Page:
Doha star Dina Asher-Smith revels in a golden moment two years in the making
Asher-Smith has been plotting to win the world title for two years.
Dina Asher-Smith admitted her historic gold medal has been two years in the making after she stormed to 200m victory at the World Championships.
The 23-year-old became the first British woman to win an individual world sprint title.
She clocked 21.88 seconds to set a new national record and is also just the seventh British woman to claim world individual gold.
Asher-Smith came fourth in the 200m in London two years ago after battling back from a broken foot and revealed she and coach John Blackie have been preparing ever since.
“When I came fourth by a 10th of a second and almost did it he looked at me and said, ‘the next one is going to be yours’,” said Asher-Smith, who also won 100m silver in Doha on Sunday.
“I said, ‘we have to work towards it, we have to make sure that when I stand on the line in two years’ time I’m in a position to do that’.
“It means so much to have done that in the 200m but to have gone well in the 100m, an event I have not run at this level before, to be up there with the best women in the world means so much to me.”
Doing well in Doha was part of the plan and in thinking about Doha you're thinking about the Olympics as well.
- Dina Asher-Smith is already focused on Tokyo 2020
Asher-Smith also admitted she has already turned her attention to next year’s Olympics in Tokyo.
She added: “The Olympics is less than a year away, we have already been thinking about it. I don’t think there’s any time we’re not thinking about the Olympics.
“Doing well in Doha was part of the plan and in thinking about Doha you’re thinking about the Olympics as well.”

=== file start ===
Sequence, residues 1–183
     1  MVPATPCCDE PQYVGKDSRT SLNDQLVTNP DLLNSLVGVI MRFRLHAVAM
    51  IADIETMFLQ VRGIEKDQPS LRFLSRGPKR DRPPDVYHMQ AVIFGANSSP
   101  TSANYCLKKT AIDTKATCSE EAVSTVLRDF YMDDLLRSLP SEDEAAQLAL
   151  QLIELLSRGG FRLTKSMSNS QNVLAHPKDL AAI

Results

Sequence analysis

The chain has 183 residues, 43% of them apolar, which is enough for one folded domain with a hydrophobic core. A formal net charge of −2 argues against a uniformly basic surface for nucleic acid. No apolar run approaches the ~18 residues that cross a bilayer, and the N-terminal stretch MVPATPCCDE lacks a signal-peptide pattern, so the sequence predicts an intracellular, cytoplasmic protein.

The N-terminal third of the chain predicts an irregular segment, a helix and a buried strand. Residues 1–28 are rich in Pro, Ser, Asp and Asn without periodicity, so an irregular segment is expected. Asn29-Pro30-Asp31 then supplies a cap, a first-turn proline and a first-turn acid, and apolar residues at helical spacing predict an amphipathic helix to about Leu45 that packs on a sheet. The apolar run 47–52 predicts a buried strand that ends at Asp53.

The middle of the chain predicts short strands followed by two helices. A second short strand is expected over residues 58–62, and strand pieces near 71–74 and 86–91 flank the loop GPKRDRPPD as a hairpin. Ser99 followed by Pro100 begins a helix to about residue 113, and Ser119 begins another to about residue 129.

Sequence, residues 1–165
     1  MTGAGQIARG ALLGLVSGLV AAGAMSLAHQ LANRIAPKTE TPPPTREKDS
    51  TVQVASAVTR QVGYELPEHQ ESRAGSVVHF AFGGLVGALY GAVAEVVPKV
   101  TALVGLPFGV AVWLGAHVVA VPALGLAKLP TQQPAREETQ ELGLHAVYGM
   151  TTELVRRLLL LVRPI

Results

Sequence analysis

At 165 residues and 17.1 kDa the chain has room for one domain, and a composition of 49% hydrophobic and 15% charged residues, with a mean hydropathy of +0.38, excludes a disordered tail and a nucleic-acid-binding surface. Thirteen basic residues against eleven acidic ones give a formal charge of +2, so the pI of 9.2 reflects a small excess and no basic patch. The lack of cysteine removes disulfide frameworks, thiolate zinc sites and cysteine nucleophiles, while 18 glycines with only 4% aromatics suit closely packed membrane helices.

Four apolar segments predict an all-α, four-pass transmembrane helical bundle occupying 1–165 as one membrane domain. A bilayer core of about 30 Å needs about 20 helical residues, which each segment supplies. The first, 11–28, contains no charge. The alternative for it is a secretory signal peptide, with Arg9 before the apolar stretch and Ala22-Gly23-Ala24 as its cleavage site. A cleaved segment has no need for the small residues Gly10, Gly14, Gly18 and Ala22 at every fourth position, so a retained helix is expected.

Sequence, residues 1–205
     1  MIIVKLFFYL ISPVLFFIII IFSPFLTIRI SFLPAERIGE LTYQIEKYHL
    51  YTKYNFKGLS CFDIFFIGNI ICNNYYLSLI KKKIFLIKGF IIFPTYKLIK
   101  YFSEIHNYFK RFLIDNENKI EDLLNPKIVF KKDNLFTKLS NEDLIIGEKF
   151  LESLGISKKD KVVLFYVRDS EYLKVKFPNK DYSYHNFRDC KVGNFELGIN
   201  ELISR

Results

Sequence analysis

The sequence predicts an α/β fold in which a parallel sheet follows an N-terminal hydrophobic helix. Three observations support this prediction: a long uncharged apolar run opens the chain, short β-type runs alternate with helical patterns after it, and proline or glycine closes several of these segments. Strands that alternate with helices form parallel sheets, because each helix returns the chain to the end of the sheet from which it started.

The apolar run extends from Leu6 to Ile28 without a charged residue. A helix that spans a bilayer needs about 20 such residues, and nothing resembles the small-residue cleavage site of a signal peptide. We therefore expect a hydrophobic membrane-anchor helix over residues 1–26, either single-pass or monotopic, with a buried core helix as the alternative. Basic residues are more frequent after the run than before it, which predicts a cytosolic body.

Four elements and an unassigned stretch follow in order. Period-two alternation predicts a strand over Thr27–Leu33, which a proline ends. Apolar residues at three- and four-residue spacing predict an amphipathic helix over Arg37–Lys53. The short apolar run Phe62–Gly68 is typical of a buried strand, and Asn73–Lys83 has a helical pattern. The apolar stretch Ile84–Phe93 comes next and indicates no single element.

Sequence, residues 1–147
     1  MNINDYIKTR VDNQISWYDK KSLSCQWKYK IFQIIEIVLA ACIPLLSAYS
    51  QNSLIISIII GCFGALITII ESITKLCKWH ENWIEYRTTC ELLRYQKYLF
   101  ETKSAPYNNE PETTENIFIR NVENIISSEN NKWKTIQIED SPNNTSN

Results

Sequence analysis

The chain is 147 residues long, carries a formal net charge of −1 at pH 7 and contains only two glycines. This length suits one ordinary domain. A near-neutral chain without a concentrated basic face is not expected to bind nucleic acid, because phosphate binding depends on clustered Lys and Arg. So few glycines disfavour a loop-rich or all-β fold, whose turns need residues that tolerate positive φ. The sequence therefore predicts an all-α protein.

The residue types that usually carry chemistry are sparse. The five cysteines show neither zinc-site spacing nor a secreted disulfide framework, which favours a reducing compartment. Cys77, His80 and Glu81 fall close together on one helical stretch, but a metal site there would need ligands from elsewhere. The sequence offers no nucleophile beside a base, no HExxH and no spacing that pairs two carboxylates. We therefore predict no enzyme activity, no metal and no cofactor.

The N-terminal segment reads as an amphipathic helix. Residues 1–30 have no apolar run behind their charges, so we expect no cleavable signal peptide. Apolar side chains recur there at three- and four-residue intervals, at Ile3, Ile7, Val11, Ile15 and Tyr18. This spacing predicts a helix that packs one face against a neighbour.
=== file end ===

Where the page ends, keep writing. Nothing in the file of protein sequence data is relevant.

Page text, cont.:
She joins Fatima Whitbread, Liz McColgan, Sally Gunnell, Paula Radcliffe, Christine Ohuruogu and Jessica Ennis-Hill in having won individual world gold for Great Britain.
Earlier, Laura Muir safely qualified for Thursday’s 1500m semi-final after her return from injury.
The 26-year-old was running her first competitive race since tearing a calf muscle at the Anniversary Games in London in July.
Holland’s Sifan Hassan qualified fastest, with Hassan coached by Alberto Salazar.
The America was given a four-year ban on Tuesday by the United States Anti-Doping Agency after being found guilty of doping violations.
Salazar runs the Nike Oregon Project and was stripped of his accreditation so could not have any contact with his athletes but Muir chose to ignore the controversy.
“All I can do I focus on myself, that’s all I’m in control of. I love the sport for what it is, I love to run and compete,” she said.
“No matter what the circumstances I’m going to race. Whoever is there is up to other people.
“At this point all I can do is focus on myself, that’s all I’m in control of. I’m the only person I can speak for and vouch for.”
On her fitness Muir added: “It was a pretty good feeling, I was quite nervous before the race.
“I’m usually not for the heats but it’s just been so long and it’s so good to be out there, feel like myself and be like, ‘oh, I can still run’.”
Sarah McDonald joined her in the final but there was disappointment for Tim Duckworth who pulled out of the decathlon after an injury in the warm-up.
Reigning World Indoor 60m champion Andy Pozzi failed to progress to the 110m hurdles final but Eilish McColgan and Laura Weightman reached the 5000m final.